Al Aasy has always been held in high regard by William Haggas and the striking son of Sea The Stars is beginning to live up his lofty reputation. A wide margin winner on the Rowley Mile last time, the Hamdan Al Maktoum owned colt made a seamless transition into Group company by taking the Bahrain Trophy on the first day of Newmarket's July meeting. Held up by Jim Crowley, he made his moved on the outside before staying on strongly to beat Dawn Rising by a length and a quarter. The step up to a mile and a half plus has been the making of Al Aasy and it would be no surprise to see him steered towards the St Leger at Doncaster in September. The Group 2 Great Voltigeur Stakes at York next month would appeal as a likely stepping stone. Despite gaining his last two wins on slow ground, his trainer is adamant he will be better on a lively surface. A big rangy colt, he will make an even better four year old.
I must confess to being disappointed by Highest Ground's defeat in the Group 2 Dante Stakes at York. Admittedly, this represented a huge step up in class for Sir Michael Stoute's charge having won a novice stakes at Haydock last time. However, once he hit the front inside the final furlong, I thought Oisin Murphy's mount would stretch clear for an easy win. Unfortunately, the Frankel colt was worn down late on by the unexposed Thunderous. Beaten a neck, the first two were a couple of lengths ahead of 2000 Guineas fifth Juan Elcano. Perhaps I am underestimating Mark Johnston's winner. Despite losing his unbeaten record, I still think Highest Ground is a smart colt and he will be winning at this level in the future. With hindsight, the champion jockey may have committed his mount too soon but he was almost certainly conscious of allowing the front running Cormorant too much rope. It will be interesting to see where he goes next but it is possible he will also contest the Great Voltigeur at the same track in August.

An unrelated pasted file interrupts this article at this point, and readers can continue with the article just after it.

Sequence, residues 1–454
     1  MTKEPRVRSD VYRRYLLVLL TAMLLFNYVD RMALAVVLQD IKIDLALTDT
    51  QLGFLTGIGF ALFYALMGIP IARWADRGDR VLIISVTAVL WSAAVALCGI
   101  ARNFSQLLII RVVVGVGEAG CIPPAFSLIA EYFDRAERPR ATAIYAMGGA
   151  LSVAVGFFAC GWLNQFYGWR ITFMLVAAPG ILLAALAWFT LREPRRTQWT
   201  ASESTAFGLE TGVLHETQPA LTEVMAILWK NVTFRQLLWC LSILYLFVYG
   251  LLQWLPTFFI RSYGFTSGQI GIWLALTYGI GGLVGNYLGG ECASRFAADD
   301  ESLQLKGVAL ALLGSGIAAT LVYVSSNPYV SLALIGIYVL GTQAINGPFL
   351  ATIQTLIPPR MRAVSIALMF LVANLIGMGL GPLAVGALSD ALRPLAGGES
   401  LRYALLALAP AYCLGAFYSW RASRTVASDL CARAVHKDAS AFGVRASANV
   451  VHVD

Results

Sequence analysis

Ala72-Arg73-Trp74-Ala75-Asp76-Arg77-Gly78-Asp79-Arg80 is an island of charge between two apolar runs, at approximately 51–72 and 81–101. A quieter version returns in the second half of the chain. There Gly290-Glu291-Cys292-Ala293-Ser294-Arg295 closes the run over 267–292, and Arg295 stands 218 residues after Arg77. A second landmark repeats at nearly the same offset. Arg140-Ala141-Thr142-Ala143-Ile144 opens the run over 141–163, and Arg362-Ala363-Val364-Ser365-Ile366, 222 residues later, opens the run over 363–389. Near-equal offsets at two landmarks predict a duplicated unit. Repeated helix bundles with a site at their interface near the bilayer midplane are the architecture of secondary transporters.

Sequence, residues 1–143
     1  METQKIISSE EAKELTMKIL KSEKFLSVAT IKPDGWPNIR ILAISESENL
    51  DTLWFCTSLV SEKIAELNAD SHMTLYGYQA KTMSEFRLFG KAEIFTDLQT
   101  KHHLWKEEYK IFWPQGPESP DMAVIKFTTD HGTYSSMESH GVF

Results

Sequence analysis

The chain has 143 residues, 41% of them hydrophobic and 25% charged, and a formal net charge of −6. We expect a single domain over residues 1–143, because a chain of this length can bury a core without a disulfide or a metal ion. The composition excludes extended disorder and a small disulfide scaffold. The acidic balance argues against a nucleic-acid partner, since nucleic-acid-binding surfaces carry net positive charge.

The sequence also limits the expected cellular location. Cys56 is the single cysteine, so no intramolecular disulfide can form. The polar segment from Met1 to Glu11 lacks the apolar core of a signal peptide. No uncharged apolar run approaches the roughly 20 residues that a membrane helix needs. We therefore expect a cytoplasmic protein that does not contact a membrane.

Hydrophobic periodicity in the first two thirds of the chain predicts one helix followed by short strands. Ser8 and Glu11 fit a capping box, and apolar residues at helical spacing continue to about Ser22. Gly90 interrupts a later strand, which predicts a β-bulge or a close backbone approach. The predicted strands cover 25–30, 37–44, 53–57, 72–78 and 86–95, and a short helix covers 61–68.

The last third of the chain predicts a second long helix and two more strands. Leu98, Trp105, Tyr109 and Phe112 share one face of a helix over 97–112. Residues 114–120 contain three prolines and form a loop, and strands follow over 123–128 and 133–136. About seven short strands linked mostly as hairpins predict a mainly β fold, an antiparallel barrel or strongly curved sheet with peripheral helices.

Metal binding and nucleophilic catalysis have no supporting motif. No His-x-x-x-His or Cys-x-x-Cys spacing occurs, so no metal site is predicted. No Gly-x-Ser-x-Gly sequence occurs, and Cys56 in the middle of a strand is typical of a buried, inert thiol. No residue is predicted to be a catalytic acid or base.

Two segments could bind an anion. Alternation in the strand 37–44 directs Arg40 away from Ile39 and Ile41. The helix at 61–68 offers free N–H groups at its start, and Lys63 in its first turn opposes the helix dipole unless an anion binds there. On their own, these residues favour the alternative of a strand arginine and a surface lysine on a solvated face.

There were a couple of good results on the Knavesmire on Thursday for followers of Ahead On The Flat. Rhythmic Intent (15/8), who is featured in the Handicap Snips, was heavily supported before the ten furlongs handicap and it proved well founded with Stuart Williams' progressive four year old scoring readily. Placed on his reappearance over a mile last month, he relished this longer trip and won going away. Ten or twelve furlongs on good or slower ground is ideal and he is capable of winning a big prize later this year. Tim Easterby's interview produced a couple of winners at Ripon on Wednesday, namely Dark Jedi (6/1) and Garden Oasis (11/1), and the Great Habton based handler sent out Mr Carpenter to win the twelve furlongs handicap on his first start for the yard at 100/1. I think he is the first winner at such odds in AOTF.
There was some interesting racing at Newbury on Wednesday evening and the Unraced Three Year Olds section may have unearthed another good one. Darain (2/1) cost a fortune (3,500,000gns) as a yearling but is bred to be something special being a full-brother to former stablemate Too Darn Hot. Making his belated racecourse bow in the ten furlongs novice stakes, the son of Dubawi ran out an impressive four and three quarters of a length winner. Owned by Qatar Racing and Watership Down Stud, he quickened away inside the final furlong and looks very useful. John Gosden has indicated another novice event under a penalty is likely to be next. I would expect him to stay further, if necessary.
Finally, one for the notebook. Ralph Beckett spoke favourably about the then unraced three year old filly Deft in Ahead On The Flat. A half-sister to the yard's Epsom Oaks winner Talent, the daughter of Dubawi was well held on her debut over a mile at Kempton but has shaped much better since upped in trip. Fourth at Windsor next time, she progressed to fill the same position at Newbury on Wednesday. Staying on at the finish, she was only a couple of lengths behind Ed Walker's Balzac and will come into her own over a mile and a half. Now qualified for handicaps, she is very much one to follow in middle distance fillies' handicaps.
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